Combustible Celluloid
 
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With: Marion Cotillard, Matthias Schoenaerts, Armand Verdure, Céline Sallette, Corinne Masiero, Bouli Lanners, Jean-Michel Correia, Mourad Frarema, Yannick Choirat
Written by: Jacques Audiard, Thomas Bidegain, based on short stories by Craig Davidson
Directed by: Jacques Audiard
MPAA Rating: R for strong sexual content, brief graphic nudity, some violence and language
Language: French, with English subtitles
Running Time: 120
Date: 16/05/2012
IMDB

Rust and Bone (2012)

2 Stars (out of 4)

The Taste of Blood

By Jeffrey M. Anderson

Earlier this fall, I read Craig Davidson's book Rust and Bone. I usually hate to read books before the movie adaptations come out, but I'm a lover of short stories and I couldn't help myself. Davidson's stories, which are loosely connected here and there (a minor character in one story becomes a major character in another), are rambunctious, irreverent, funny, painful, harsh, disturbing, uncomfortable, and full of life. Jacques Audiard's movie adaptation is none of those things.

It appears that Audiard and co-screenwriter Thomas Bidegain simply took some of the book's most interesting images, sucked the life out of them, and employed them in the creation of a middling melodrama. In the book, a performer at an aquatic park loses his legs during a dangerous stunt with a killer whale. Here, Stéphanie (Marion Cotillard) loses her legs due to a freak accident (no risk was involved). In the book, we get the funny and horrible details of what it's like to learn to live with no legs. Here, it starts off sad as Stéphanie sulks in bed, and then hopeful as she slowly learns to come back to the world -- thanks to the love of a good man, Alain van Versch (Matthias Schoenaerts), blah, blah, blah. Yes, it's now a "disease-of-the-week" movie, and this is precisely why Ms. Cotillard is being courted for Oscar consideration.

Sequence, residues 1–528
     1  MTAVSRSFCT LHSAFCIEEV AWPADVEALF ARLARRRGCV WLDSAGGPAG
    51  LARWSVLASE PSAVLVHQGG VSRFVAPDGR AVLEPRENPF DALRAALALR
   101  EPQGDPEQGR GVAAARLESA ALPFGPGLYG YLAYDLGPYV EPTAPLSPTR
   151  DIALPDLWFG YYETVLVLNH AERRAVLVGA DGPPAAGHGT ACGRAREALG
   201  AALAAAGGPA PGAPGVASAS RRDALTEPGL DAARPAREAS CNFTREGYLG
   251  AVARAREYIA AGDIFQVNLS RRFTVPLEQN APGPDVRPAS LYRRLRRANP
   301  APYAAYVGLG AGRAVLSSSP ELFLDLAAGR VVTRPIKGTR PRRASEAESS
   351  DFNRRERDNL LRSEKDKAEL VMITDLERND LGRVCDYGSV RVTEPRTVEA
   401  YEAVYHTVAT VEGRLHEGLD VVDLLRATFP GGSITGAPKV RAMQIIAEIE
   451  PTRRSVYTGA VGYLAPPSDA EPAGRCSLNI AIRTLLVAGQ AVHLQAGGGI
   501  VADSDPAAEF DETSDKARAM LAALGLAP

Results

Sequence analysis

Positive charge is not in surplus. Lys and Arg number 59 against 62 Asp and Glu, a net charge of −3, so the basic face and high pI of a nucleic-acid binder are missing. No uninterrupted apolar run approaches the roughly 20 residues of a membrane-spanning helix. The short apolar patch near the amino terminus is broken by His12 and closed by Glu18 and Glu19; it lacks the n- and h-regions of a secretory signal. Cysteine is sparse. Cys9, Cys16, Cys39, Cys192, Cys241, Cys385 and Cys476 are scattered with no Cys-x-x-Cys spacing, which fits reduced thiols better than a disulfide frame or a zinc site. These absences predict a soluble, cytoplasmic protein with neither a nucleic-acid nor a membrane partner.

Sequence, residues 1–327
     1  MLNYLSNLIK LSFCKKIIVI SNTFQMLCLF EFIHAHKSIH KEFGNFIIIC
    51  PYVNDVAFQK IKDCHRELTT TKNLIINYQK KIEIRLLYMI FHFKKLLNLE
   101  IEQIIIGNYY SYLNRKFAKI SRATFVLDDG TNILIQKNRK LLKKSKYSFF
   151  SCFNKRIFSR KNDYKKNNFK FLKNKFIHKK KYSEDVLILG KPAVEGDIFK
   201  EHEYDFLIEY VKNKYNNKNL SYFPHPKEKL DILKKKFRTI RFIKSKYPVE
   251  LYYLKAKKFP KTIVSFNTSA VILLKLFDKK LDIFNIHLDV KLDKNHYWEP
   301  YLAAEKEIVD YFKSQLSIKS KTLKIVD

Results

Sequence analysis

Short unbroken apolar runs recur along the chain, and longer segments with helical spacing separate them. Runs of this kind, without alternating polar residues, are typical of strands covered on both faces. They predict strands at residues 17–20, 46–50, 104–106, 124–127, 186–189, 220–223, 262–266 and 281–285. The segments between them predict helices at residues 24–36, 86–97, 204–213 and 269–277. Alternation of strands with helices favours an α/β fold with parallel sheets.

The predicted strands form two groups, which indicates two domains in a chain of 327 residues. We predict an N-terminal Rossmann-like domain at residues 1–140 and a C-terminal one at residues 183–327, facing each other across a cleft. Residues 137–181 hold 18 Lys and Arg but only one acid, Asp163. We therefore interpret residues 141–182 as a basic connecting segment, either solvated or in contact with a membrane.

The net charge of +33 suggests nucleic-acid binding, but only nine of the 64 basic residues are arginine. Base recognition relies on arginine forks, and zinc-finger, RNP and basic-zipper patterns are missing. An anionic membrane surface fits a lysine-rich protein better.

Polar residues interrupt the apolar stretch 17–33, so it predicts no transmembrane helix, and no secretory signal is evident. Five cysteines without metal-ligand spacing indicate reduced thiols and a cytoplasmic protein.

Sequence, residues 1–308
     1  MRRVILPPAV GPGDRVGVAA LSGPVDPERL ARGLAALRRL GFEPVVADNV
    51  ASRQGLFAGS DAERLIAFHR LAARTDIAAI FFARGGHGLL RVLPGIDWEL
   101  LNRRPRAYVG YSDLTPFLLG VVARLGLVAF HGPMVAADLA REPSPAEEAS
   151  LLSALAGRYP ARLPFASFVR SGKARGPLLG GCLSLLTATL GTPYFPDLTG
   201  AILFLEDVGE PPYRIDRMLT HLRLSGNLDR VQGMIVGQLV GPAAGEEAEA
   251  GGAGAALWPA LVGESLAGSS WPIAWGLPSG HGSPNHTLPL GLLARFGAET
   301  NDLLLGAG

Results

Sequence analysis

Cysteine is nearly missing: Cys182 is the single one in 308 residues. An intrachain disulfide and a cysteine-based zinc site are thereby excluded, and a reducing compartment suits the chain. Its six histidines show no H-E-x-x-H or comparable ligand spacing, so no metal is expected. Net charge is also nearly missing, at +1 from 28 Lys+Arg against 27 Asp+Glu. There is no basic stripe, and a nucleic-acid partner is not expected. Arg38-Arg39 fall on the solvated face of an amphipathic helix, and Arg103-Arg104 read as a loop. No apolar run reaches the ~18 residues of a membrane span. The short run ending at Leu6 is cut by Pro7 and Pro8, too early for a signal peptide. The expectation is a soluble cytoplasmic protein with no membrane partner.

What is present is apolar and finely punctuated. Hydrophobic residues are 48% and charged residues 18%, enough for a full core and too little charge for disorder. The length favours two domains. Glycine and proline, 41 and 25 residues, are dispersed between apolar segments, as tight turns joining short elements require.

The movie makes more changes from the book, and all of them are weaker, gutted, and stuck in a the most manipulative order possible. Would I have liked the movie -- as did most of my colleagues -- if I had not read the book? Hard to say. Impossible to say. I have been less excited about director Audiard than most of my colleagues have all along. I did not think the Oscar-nominated A Prophet was anything more special than a well-made prison movie, and I have already forgotten about his earlier films The Beat That My Heart Skipped (another inferior movie based on superior English-language material), and Read My Lips. He strikes me as someone far too aware of his audience, and afraid to say or do what he really feels.

I had been looking forward to this film, and I'm disappointed. But I owe it one thing: it introduced me to the book, which I can recommend wholeheartedly to anyone who actually wants to experience something.

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